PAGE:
Funny…all of the Saver Business class seats to London from Denver are gone. Not a one available. I smell a pretty big rat. So much for saving up my miles for that trip to England next year.

  2. Tino Says:

    I first read the headline wrong. Thought it said miles were “worthless” instead of “worth less.” Scared the crap out of me. Then again, with more changes like this, UA miles really will be worthless soon.

  3. Jesse W. Says:

    worthless airline miles; I would have never guessed! haha!

  4. Brad Says:

    I finally get elite status somewhere (2P in June and 1P in October), and now UA has to go and massively devalue the program. Figures. Did I mention that if you pay $4k or more for a J-class r/t they want you to pop down another $30 to hook up your iPod to the cabin entertainment system?

    This is just like calling the help desk at work — you know, the “infernal support” line where they play the “we’re sorry for the inconvenience” message that really means “we don’t give a flying frak if you ever get your job done, so please go away and leave me alone while I do the sudoku.”

    A pity, really; their TV commercials are the only thing United manages to do well. At least it beats Ryanair — until the next round.

  5. Steve Says:

    The new soon to be instated policy of co-payment for upgrade has indeed rendered mileage plus useless.

    As many business traveler, my employer is not willing to pay for additional upgrade fees separated from the ticket fee. UA is certainly not providing suc stellar business or first services that it woudl be worth spending much of my personal money.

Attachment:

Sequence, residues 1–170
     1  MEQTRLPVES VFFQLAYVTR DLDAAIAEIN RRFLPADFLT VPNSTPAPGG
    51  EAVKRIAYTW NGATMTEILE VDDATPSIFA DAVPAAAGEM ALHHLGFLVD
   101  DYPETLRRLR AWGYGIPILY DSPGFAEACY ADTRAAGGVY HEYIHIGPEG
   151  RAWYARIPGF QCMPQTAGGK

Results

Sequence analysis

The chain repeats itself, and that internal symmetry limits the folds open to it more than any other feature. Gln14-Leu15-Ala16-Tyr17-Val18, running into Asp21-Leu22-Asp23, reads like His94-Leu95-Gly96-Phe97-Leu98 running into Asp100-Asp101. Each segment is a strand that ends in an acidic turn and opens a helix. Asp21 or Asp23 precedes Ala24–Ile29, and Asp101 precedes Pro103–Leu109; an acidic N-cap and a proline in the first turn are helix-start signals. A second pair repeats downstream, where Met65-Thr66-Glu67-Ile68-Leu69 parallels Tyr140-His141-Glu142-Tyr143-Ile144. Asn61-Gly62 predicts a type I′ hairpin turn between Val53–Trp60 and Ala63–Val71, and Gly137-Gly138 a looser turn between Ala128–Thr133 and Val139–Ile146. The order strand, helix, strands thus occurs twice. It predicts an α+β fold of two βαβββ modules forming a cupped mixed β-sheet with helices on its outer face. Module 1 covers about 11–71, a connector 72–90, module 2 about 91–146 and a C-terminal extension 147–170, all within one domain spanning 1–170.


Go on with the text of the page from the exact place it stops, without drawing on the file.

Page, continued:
As a Global Service / 1K customer I have notified UA that the day they put that policy into effect I will not use United Airlines ever again. I encourage all UA customers to send similar notices… May be they’ll reconsider the implications of their miguided plans…

  6. Expense report blues: Which add-on travel fees are being denied? | Upgrade: Travel Better Says:

    [...] such as American and (soon) United? Even less likely to be reimbursed, as one recent commenter noted. If it’s not part of the ticket, you’ve got a fight on your [...]

  7. Bobbo Says:

    Yes, all frequent flyers, please rally to have this policy curbed before it does irrevocable damage and we all depart from United, possibly to some foreign airline. Here are some things that I sent to 1Kvoice, and did not get a satisfactory answer to.

    A. Stated Justification for Upgrade Fee
    Frankly, I find the explanations for the planned Upgrade Fee to be difficult to believe, especially that of increased demand. It is stated in the 1kVoice responses of Dec 15, 2008 and Nov 6, 2008 (copied below) that the “demand for Business and First Class cabins has increased significantly”, and “The change to the Mileage Upgrade Award structure enables us to respond to the demand”. In international flights that I recently took on United, there were empty seats in business class.

    B. Logistics of Implementation of Upgrade Fee
    I had noted in my (unanswered) note of Nov 12, 2008 that if the policy change is made, “One additional problem for travellers and United alike [will be] the need to arrange the payment at the Gate, since it will not be known in advance who is able to upgrade.” It seems obvious that the implementation of fees will add to the pandomonium at the time of boarding at the gate. Especially for the long-haul flights where fees will be collected for sure in order to upgrade, it seems clear that there will be disruption to the check-in process.